Thursday, October 4, 2012

O v Mitt; Quick-hitter debate reactions

I like to listen to debates, so as to not get distracted by the visuals. Listen on radio, tune out right afterwards, sleep on it, listen to or read no commentary until I’ve come up with my own read. Here’s a quick scattershot rendering of that read as it was late last night, far after my usual 2130 bed-time.

1. Romney was controlling the show. Lehrer was the moderator, but Mittens set the agenda.

2. He has an impressive command of data.

3. Romney was able to answer every charge Pres. Obama leveled at him.

4. I could hear Lehrer attempting to jump in with both candidates, to hold them to time limits, it seemed to me that Obama went over limit more often, and in fact had a majority of the time speaking. He came off sounding like he was filibustering, trying to run out the clock, so as to avoid the give and take. At points his answers were rambling, jumping between quite disparate topics/talking points.

5. Romney would not allow Lehrer to stop any rebuttals he had to make. Nor would he allow Obama the last word if it was not coming, according to the rules. If memory serves, McCain tended to acquiesce in similar circumstances.

6. Closing statements: Romney ticked off specifics and numbers. Pres. Obama indulged in rhetoric.

7. Many of the stories Obama used, e.g., the Cleveland Clinic, actually were illustrative of the sorts of individual initiative, state level or private sector problem solving Romney was advocating, not of the Federal-centric approaches Obama favors. Romney pointed this out. Evidence of a quick-on-his-feet debater.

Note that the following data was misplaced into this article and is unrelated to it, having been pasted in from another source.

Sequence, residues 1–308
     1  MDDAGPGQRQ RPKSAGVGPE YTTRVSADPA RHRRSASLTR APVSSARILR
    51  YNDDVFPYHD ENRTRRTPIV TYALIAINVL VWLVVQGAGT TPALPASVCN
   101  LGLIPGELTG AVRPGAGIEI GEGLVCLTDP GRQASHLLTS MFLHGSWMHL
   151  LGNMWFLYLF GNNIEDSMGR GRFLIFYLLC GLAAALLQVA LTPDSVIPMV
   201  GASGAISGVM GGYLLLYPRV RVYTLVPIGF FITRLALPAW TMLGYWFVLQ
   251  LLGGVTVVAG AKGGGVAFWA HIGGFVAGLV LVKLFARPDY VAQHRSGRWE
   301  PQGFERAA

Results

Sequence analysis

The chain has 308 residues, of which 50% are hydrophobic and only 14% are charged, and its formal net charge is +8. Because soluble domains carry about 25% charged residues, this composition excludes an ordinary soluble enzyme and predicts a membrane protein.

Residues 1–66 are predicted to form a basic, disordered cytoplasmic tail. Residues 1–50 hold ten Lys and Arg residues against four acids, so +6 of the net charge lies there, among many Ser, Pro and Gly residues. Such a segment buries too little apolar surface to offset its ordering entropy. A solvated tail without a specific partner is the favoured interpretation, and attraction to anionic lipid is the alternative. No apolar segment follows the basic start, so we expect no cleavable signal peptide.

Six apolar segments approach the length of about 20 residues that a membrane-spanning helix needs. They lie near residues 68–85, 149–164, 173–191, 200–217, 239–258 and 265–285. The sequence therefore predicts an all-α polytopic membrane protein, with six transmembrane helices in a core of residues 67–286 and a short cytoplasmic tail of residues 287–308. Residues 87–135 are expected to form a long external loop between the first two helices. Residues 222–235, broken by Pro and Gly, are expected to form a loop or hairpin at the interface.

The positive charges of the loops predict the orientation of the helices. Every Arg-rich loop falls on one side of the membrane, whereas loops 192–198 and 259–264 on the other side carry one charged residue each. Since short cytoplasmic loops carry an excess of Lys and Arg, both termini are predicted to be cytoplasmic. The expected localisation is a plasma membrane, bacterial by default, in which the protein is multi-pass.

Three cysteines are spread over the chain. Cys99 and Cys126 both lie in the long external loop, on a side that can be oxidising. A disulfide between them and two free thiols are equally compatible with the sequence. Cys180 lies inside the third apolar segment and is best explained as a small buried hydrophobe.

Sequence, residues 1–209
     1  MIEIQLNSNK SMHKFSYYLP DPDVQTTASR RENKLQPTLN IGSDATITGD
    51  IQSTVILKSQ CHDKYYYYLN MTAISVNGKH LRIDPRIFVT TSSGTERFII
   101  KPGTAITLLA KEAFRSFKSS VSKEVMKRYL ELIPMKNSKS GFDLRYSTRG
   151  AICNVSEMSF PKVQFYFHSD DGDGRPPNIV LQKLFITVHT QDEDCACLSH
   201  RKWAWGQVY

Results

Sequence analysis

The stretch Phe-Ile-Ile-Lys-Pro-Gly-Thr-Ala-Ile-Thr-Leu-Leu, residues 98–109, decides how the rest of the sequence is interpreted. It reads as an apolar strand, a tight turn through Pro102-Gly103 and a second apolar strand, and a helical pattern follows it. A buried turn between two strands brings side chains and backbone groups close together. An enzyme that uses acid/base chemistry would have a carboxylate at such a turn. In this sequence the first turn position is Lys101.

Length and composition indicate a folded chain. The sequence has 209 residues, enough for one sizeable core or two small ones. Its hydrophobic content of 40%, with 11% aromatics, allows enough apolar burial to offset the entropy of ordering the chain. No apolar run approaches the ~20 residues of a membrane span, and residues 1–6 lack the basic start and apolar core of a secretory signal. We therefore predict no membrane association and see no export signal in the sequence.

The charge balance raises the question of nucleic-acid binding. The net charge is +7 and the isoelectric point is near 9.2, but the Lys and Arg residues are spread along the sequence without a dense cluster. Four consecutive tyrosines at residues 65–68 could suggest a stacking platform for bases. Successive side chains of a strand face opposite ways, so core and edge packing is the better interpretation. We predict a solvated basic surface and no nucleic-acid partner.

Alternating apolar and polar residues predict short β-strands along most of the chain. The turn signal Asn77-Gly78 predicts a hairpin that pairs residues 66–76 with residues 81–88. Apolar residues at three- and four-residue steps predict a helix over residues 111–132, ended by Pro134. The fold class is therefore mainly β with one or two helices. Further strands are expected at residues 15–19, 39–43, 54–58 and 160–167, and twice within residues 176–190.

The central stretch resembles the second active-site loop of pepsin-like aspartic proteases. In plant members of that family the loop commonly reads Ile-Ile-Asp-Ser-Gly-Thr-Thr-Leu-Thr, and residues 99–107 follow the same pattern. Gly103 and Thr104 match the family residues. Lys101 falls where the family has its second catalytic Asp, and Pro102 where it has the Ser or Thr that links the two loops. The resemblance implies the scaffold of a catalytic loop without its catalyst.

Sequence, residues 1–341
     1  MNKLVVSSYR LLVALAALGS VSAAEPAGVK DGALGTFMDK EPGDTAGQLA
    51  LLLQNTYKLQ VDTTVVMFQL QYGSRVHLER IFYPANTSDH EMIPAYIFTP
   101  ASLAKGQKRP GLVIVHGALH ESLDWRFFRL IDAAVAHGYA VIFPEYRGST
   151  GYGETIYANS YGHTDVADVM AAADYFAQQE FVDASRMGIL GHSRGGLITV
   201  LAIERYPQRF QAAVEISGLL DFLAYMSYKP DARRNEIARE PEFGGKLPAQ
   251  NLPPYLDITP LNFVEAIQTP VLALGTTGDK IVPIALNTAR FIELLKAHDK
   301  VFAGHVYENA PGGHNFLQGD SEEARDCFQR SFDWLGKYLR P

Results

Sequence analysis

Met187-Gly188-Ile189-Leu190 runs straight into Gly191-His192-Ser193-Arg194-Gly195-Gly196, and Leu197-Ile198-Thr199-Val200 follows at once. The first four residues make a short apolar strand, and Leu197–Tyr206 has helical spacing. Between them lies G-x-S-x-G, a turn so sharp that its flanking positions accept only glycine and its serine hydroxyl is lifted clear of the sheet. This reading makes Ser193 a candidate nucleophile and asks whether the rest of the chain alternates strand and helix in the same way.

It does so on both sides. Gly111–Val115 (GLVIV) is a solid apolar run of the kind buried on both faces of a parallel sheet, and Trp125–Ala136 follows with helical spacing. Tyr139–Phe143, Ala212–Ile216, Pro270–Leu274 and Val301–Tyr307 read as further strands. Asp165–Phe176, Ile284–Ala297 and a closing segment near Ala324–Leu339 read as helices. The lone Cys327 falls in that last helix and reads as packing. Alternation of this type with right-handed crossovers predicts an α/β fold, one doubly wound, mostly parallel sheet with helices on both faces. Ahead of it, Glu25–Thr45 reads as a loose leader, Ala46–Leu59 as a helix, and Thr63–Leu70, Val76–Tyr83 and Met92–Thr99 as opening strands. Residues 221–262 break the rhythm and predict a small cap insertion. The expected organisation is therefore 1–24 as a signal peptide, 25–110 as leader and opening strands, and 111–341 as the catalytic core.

8. Of the two, Obama was the more nervous, flustered and halting in presentation.

9. Obama’s best performance was when he talked about projects government is best suited to undertake, and illustrated from history, as for instance the trans-continental railroad. He describes these sorts of things as ‘all of us working together.’ That was effective.

I came away from my radio thinking Romney was the winner, and the more knowledgeable of the two. Not a KO, but a 10 point win if it were a football game.

Next day, I watch the video:

10. Obama looked decidedly uncomfortable, did not look Romney in the eye for more than a few seconds at a time. He spent a majority of his time speaking to Lehrer.

11. When being addressed by Romney, he blinked as much as Nixon back in 1960. (No five o-clock shadow though.)

12. He had a pained expression, a curious half smile, on more than one occasion.

13. Looked down at the podium far too often, and too long. May have been taking notes, but did not look confident. Looked a bit like a kid getting a dressing down from his mom, dad or a teacher.

14. Romney looked more enthusiastic, bouncing at times.

15. Romney focused on Obama for a majority of his speaking time, talking directly to him. He only moved to focusing on Lehrer toward the end of his turns.

16. Romney Stayed within the allotted time more often.

Still having not read commentary, but adding the visuals, the resulting impression is stronger for Romney; I’d add another field goal or two, or a touchdown to the margin of victory. 16 to 17 points.

Then, I read commentary.

Across the board the reactions are that Romney won comfortably. Some say it was the best Presidential debate performance ever. I wouldn’t go that far, but it was good.

Depending on the side of the aisle you favor, you either have angst, or cautious optimism now. No surprise to you that I am in the latter camp. I'm curious to see if there is an effect on polling, which has generally been close, but in favor of the incumbant.

Next phase; the so called “fact checking” I’m sure, as well as fact checking the fact checkers.

Before you know it, Ryan v Biden.

Here’s the debate in its entirety: